My two-year-old makes his way up the stairs and I follow, leaving the November rain behind us for now. We reach the top of the stairs and somebody helps with the latch on the safety gate, somebody else smiles in welcome.


I stand with a baby strapped to my chest and a toddler clinging to my leg. Around are the sounds of babies cooing and crying, toddlers discovering new toys and begging for some of the mamas’ biscuits, cosy chattering of parents, grandparents and other minders. I move to drop my bag, peel off our outer layers and a hand on shoulder causes me to turn and I am being offered tea. For the first time today, another adult speaks to me, and instead of minding others, someone is looking out for me.


This is parent and toddler group. This is the reason I showered this morning. This is tea and coffee and biscuits and a couple of hours where I am reminded that there is life outside of our home. Reminded that other babies do not sleep, that other toddlers have an exhaustive supply of questions, that other parents have exhausted their patience.


I am not alone.


Even if I have moved from the city I’ve known for years. Even if my oldest friends are now spread out around the country and not at ‘drop in for a coffee’ distance. I am among new faces, with familiar lives and I feel welcome.


“I’m so busy all day. I don’t even have time to miss my old life”.


It’s partly true. It’s possible to be busy, to have another human conversing with you all day long and to still feel lonely. Especially if that other human isn’t yet three years old and half of all conversations begin with a request (for food, but not the food you just prepared; to be carried around instead of the baby brother; to go to the playground even though it’s bucketing down and he missed the window of no-rain opportunity earlier when he refused point blank to put on clothes).


“I love being at home with my kids. It’s wonderful to have such long maternity leave and not to have to think about work”.


It’s partly true. But is true that you can fully love your kids and the time you spend with them, and partly wish you were alone on a beach in Thailand (or just in bed alone, with a cup of tea and a biscuit).


It’s true that while you are the most important thing in the universe to these small people, much of the time you feel invisible. You are hidden away from the world at home minding the babies, while everyone else goes out to work. Even in the city where there are people all around, you go out walking and you, the real you is hidden behind an awkward buggy and a haze of sleep deprivation.


So you join the others at the parent and toddler group. Because they know. Because they understand that it was an effort to leave the house this morning and this is the reward.


Because they will smile at your baby, do crafts with your toddler, sympathise over sleepless nights and potty training misadventures.


Because they will offer you coffee with your cake, and you will even get to drink it.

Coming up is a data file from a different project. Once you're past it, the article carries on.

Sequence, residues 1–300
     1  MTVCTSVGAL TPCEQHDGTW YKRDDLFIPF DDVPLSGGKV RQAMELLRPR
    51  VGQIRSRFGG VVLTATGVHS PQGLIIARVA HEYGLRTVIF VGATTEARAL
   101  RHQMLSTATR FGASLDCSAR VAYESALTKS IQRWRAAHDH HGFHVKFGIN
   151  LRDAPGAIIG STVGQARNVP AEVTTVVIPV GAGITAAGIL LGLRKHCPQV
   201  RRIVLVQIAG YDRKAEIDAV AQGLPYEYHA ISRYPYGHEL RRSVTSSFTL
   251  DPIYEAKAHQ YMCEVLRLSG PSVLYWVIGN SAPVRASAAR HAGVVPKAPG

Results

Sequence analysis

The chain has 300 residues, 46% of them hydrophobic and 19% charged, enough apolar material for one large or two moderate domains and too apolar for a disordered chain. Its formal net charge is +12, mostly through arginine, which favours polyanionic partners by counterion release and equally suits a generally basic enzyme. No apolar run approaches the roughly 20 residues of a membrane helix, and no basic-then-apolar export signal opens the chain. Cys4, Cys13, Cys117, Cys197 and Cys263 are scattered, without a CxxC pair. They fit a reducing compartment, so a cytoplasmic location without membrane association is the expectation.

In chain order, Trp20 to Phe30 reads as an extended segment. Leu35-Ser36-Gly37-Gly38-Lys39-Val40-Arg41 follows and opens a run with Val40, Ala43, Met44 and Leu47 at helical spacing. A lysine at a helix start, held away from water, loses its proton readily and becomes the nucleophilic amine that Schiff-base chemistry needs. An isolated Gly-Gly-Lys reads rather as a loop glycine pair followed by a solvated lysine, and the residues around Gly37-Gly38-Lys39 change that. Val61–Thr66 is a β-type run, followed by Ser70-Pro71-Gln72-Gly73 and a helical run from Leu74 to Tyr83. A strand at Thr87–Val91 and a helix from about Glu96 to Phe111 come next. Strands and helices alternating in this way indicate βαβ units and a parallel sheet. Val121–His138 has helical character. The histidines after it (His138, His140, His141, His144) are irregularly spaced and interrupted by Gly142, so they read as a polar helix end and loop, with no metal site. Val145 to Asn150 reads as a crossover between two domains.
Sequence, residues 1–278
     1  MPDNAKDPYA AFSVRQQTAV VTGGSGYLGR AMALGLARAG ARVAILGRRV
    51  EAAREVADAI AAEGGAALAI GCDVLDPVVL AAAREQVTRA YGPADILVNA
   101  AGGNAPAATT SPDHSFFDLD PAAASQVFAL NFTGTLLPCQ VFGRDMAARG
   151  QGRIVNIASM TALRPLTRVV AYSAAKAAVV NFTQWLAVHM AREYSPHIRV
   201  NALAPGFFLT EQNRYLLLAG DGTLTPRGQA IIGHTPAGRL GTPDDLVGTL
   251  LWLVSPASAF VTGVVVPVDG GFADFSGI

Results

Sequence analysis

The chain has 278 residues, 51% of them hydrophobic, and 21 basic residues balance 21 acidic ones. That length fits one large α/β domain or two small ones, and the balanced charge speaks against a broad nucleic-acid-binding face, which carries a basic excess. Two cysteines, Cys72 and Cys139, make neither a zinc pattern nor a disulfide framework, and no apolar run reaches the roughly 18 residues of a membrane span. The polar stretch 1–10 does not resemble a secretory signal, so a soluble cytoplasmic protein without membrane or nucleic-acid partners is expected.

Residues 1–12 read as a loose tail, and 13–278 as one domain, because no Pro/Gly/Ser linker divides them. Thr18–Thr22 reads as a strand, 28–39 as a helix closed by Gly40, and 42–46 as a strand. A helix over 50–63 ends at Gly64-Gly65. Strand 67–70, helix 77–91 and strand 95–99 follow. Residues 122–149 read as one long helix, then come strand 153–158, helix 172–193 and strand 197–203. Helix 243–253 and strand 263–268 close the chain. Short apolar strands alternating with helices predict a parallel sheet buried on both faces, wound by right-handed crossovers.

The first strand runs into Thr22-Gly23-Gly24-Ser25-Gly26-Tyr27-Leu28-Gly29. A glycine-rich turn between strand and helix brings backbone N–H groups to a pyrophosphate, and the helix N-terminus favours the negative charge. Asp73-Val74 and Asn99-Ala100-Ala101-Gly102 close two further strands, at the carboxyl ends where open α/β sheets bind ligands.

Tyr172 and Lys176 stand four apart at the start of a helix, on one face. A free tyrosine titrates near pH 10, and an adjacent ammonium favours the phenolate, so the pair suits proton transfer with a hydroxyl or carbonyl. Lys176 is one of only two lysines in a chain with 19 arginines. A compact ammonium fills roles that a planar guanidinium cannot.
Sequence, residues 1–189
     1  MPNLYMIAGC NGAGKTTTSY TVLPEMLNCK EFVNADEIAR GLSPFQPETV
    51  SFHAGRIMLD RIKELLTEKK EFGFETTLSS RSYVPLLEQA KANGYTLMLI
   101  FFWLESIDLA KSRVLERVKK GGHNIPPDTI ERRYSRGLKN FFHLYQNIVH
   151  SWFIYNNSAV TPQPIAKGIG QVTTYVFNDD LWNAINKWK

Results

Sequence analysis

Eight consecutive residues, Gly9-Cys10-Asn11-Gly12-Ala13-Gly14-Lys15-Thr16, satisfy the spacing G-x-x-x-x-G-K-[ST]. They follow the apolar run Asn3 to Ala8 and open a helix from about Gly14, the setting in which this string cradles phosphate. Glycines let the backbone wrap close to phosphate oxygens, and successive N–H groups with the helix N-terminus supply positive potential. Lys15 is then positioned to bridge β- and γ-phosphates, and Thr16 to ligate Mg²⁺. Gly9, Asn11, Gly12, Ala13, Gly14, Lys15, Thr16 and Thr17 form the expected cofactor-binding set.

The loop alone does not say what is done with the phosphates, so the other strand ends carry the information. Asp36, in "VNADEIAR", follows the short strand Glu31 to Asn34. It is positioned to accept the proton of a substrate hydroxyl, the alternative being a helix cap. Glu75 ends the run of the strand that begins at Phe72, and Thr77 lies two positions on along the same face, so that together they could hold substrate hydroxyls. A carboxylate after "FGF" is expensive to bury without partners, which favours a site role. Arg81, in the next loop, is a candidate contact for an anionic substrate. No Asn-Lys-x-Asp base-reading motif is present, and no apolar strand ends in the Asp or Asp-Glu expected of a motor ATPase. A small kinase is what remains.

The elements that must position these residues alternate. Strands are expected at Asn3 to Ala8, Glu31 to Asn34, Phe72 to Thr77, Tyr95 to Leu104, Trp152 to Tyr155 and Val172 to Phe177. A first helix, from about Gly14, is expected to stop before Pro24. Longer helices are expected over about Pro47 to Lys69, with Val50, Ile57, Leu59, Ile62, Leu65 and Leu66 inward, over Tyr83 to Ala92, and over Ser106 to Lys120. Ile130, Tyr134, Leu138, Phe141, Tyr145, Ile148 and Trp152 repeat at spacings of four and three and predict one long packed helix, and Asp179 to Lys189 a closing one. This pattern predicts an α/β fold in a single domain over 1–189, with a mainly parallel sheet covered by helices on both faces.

A younger me would have sneered. These groups formed in the gravitation pull of our children. Would have laughed at the idea that sitting cross-legged on an alphabet motif mat singing nursery rhymes could become a highlight in my social calendar.



Who are you and what have you done with cool, sarcastic me? Where is the seeking out of like-minded souls? Where is your tribe? Surely not here where the conversation is all about nappies and sleep and whether little johnny has two teeth or five? Where is the intellectual debate and the discussion about film and music and travel and THE WORLD?


What? THE WORLD is your kids?


How boring.


But it’s not. We love it and sometime we hate it, but it’s where we are and we wouldn’t trade it (I swear). Keeping these tiny adorable despots safe and well. It’s all-consuming and it leaves very little time for anything else. It’s hard to have an intellectual debate with a friend when you’re interrupted every 30 seconds and sleep deprivation has stolen the part of your brain that cares? Who can think about travel when even getting in the car to do the grocery shopping results in at least three bouts of crying (mostly the babies, but sometimes me)?


But you understand that, you Mama, nursing your baby on the sofa in the corner, you Mum chasing after your two boys in the playground, you Grandma, making my boy’s day by making playdough shapes with him.


You see me, and you see yourself and we gain strength from each other.


We gather round now at the end to sing our songs. Place the mats out, make a circle. Babies on laps and toddlers sitting to attention with plastic shakers at the ready. We sing the sleeping bunnies song and all the littles lie down. For one, two, three seconds there is silence and stillness and almost a sigh. I catch the eye of the mum leading the songs.


How long can we draw this out?


She smiles. I see you Mama.


The song resumes. Bunnies spring up and the energy in the room changes again. After this I’ll take my boys to the playground or for a walk through the dunes and we’ll head back home for lunch and naps and the afternoon will be easier, more fun thanks to the coffee and the chats and the crafts and the cake.


More full of cake and chats, I will be more fun.

I'm a mum of two small boys and I write to make sense of this thing called motherhood. Former world traveller, in recent years I divide my time between the beaches, forests and hills of the Northwest and the cafes of Dublin 7.

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